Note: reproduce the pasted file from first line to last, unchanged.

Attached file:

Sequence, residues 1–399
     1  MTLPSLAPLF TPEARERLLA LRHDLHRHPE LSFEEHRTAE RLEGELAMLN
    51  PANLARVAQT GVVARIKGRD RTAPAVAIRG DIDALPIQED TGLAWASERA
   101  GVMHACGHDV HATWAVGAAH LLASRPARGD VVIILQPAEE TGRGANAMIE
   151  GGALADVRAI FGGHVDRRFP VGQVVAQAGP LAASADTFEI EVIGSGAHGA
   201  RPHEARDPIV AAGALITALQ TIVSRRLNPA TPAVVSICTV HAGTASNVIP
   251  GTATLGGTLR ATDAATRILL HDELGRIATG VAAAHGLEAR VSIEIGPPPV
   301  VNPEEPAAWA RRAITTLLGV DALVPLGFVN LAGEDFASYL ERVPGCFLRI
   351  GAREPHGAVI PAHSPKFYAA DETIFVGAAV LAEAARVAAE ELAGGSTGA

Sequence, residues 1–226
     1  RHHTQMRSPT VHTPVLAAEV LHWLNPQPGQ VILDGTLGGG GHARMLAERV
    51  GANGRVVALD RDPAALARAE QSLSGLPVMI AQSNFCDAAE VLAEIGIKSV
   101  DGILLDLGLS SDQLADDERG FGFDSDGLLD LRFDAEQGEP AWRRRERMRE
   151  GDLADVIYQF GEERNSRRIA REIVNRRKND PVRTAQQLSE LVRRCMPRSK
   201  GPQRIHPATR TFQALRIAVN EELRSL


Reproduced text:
Sequence, residues 1–399
     1  MTLPSLAPLF TPEARERLLA LRHDLHRHPE LSFEEHRTAE RLEGELAMLN
    51  PANLARVAQT GVVARIKGRD RTAPAVAIRG DIDALPIQED TGLAWASERA
   101  GVMHACGHDV HATWAVGAAH LLASRPARGD VVIILQPAEE TGRGANAMIE
   151  GGALADVRAI FGGHVDRRFP VGQVVAQAGP LAASADTFEI EVIGSGAHGA
   201  RPHEARDPIV AAGALITALQ TIVSRRLNPA TPAVVSICTV HAGTASNVIP
   251  GTATLGGTLR ATDAATRILL HDELGRIATG VAAAHGLEAR VSIEIGPPPV
   301  VNPEEPAAWA RRAITTLLGV DALVPLGFVN LAGEDFASYL ERVPGCFLRI
   351  GAREPHGAVI PAHSPKFYAA DETIFVGAAV LAEAARVAAE ELAGGSTGA

Sequence, residues 1–226
     1  RHHTQMRSPT VHTPVLAAEV LHWLNPQPGQ VILDGTLGGG GHARMLAERV
    51  GANGRVVALD RDPAALARAE QSLSGLPVMI AQSNFCDAAE VLAEIGIKSV
   101  DGILLDLGLS SDQLADDERG FGFDSDGLLD LRFDAEQGEP AWRRRERMRE
   151  GDLADVIYQF GEERNSRRIA REIVNRRKND PVRTAQQLSE LVRRCMPRSK
   201  GPQRIHPATR TFQALRIAVN EELRSL